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Local News

Louisville Orchestra, Occupy Wall Street, DREAM Act, and Bocephus: Today on State of the News

Segment A: We’ll speak with the WFPL news staff about what’s happened in Metro Louisville this week, including he Louisville Orchestra’s impasse, and the latest in the governor’s race.

Segment B: We’re joined by Joe Sonka from LEO Weekly, who will talk about the folks he met while writing about the DREAM Act — children of undocumented immigrants who face deportation when enrolling in college.

And you won’t be hearing Hank Williams, Jr. ask you if you’re ready for some football any Monday night soon. We’ll talk about why, and check other music news, with Sean Cannon, host of WFPK After Dark.

Segment C: David Weidner of the Wall Street Journal’s MarketWatch will catch us up on the Occupy Wall Street movement.

Categories
Here and Now

Chris Christie’s Decision, Occupy Wall Street Update, Youth Incarceration, Learning to Love Opera: Today on Here and Now

Associates close to New Jersey Governor Chris Christie say he is not going to run for president. Christie is expected to formally announce that decision at a news conference this afternoon. We’ll hear more from Jay Newton-Small from Time Magazine.

We’ll also get an update from NYC’s Occupy Wall Street protests with Time Magazine reporter Nate Rawlings.

The Annie E. Casey Foundation just released a report exploring the effectiveness of youth incarceration around the country. The report shows a new trend. Some states reducing incarceration rates have not seen an increase in youth crime. WFPL’s Devin Katayama spoke with Tara Greishop-Goodwin, deputy director with Kentucky Youth Advocates, who she says Kentucky is just beginning to explore some ideas and programs that many states already have in place. We’ll hear more.

And Louisville arts scene veteran Thomson Smillie has written a book that takes on the daunting task of making opera more accessible to the uninitiated. He joins us to talk about it today.

Categories
Local News Politics

Demonstrators to Mirror Occupy Wall Street Protest in Louisville

A branch of the weeks-long Occupy Wall Street protest is coming to Kentucky.

The protest began in New York City on September 17th. Demonstrators have marched on the financial district and across lower Manhattan. Over the weekend, 700 protesters were arrested for blocking traffic on the Brooklyn Bridge.

The Canadian anti-capitalist group Adbusters first called for the nonviolent demonstration as a way to end the influence of money in politics.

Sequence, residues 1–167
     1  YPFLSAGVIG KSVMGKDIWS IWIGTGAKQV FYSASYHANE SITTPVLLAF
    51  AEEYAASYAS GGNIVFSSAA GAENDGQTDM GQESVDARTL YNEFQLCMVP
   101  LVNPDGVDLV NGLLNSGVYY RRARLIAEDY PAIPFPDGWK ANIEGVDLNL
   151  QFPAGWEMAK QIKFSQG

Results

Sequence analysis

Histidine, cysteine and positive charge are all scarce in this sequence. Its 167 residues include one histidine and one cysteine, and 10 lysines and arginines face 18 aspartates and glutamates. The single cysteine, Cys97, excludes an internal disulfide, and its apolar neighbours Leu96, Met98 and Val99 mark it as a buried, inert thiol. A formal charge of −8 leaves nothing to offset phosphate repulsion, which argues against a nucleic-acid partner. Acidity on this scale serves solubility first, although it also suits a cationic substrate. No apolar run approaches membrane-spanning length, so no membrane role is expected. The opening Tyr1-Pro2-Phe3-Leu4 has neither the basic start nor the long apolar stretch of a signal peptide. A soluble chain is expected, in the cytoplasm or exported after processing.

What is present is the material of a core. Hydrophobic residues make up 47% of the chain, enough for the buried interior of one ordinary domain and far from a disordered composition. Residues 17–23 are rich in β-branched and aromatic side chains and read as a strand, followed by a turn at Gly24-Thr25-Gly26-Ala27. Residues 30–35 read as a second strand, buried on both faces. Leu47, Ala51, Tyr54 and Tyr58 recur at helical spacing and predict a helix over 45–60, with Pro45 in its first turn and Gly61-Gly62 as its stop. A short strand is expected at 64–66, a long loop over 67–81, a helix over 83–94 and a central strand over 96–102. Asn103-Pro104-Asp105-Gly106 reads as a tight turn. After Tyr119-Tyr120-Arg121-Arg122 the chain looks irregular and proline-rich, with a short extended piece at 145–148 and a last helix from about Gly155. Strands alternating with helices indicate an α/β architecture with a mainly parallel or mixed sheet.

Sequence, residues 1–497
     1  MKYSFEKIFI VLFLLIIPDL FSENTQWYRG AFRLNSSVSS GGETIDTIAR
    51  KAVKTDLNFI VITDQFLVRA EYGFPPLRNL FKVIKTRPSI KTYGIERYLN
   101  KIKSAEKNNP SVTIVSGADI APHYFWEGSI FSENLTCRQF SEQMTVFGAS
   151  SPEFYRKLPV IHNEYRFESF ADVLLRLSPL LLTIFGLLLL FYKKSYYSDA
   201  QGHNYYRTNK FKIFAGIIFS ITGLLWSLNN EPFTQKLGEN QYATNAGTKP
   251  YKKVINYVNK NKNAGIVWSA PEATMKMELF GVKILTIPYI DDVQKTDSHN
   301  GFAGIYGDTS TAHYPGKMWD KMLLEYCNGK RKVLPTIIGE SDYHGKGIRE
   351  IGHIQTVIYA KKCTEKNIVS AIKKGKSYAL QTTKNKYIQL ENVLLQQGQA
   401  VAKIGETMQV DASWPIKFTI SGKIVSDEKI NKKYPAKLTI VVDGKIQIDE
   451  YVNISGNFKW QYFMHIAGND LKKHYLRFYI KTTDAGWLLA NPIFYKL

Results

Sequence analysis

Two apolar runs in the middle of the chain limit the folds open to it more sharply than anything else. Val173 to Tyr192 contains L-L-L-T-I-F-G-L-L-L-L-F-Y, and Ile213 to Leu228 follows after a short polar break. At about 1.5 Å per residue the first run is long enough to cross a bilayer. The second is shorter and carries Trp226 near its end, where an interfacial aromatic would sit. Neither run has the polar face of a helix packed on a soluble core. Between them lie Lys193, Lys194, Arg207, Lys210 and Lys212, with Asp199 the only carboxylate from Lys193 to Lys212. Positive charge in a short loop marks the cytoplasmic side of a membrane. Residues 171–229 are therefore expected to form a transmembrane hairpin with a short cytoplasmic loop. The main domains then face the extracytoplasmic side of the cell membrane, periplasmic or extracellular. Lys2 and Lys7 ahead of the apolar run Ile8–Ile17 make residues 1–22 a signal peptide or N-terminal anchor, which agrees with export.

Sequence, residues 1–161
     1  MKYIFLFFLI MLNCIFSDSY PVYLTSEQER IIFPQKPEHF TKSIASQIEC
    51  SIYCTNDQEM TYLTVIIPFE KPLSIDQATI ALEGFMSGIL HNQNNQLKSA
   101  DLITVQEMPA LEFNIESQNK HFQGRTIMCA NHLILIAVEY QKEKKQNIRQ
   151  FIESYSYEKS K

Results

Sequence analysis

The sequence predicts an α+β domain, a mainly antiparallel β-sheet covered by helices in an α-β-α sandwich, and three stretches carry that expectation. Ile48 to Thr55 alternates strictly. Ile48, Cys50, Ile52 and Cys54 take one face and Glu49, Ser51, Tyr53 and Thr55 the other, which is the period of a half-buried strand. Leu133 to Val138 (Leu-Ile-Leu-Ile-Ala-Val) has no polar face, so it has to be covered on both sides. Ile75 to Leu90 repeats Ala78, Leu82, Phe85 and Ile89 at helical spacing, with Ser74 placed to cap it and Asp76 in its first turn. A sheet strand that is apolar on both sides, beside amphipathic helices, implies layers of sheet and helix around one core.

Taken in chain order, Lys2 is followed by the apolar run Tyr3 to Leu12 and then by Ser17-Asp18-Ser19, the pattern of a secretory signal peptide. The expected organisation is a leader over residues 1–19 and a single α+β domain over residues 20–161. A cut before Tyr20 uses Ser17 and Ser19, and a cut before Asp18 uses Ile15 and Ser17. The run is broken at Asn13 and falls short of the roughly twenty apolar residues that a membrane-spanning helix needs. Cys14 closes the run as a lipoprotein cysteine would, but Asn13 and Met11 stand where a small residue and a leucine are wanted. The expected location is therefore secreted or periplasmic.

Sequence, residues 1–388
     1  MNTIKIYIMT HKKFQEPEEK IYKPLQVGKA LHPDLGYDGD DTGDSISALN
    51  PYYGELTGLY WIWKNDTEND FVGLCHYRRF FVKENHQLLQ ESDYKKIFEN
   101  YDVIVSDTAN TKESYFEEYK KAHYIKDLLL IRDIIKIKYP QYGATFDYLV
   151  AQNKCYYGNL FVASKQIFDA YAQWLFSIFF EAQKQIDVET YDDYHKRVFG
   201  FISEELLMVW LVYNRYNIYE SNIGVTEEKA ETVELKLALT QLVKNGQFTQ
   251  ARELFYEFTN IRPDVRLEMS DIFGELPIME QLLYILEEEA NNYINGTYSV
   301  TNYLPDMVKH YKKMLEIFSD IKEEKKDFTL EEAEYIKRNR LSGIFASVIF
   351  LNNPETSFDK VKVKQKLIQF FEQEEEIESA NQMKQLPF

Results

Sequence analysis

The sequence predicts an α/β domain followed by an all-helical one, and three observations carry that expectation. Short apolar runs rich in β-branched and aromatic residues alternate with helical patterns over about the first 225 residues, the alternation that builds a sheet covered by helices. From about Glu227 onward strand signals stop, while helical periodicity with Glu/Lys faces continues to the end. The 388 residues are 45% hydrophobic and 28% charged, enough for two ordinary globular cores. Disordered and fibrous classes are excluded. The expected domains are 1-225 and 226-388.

Similar protests have sprung up in other cities, and tomorrow, local activists will gather at 4th and Jefferson streets in Louisville.

The Facebook page advertising the event lists several attendees and says the protest will last “as many days as it takes.”

Categories
Here and Now

Tension in Israel, Protests on Wall Street, Extreme Chefs and Story Slams in Louisville: Here and Now

Israel’s government has given the final go-ahead for the construction of 1,100 new housing units in east Jerusalem. The move is sure to heighten tensions, which are already high following a Palestinian move last week to seek U.N. membership. We’ll talk to Rami Ruhayem, the BBC’s editor in the region.

What began as a modest protest with about 200 people opposed to corporate greed and social inequality grew over the weekend to a march with around a thousand people clashing with New York Police — and a dispute over who was at fault. Protesters say videos show police using excessive force. The New York Police Department says they were responding with appropriate means and that the videos have been edited. What do the protestors want and what’s been their experience living in a Manhattan park? We’ll speak with Nelini Stamp, who’s been in the Occupy Wall Street Camp since the first day.

You may have heard the buzz by now: The Moth Radio Hour is coming to Louisville, and our first local StorySlam is tonight at Headliners Music Hall. We’ll talk to Senior Producer Jenifer Hixson, and Dan Kennedy, who hosts the hugely-popular Moth podcast.

And The Food Network now has a show combining our love for cooking shows with our desire to watch people compete with each other under harrowing conditions: Extreme Chef. While you may have had your share of mishaps in the kitchen, you’ve probably never had to cook a meal on a car engine, chisel your ingredients out of the middle of an ice block, or prepare dinner in a ghost town using only miner tools and hot coal. Host Marsh Mokhtari joins us to talk about the show and some extreme cooking that will happen tonight in Louisville.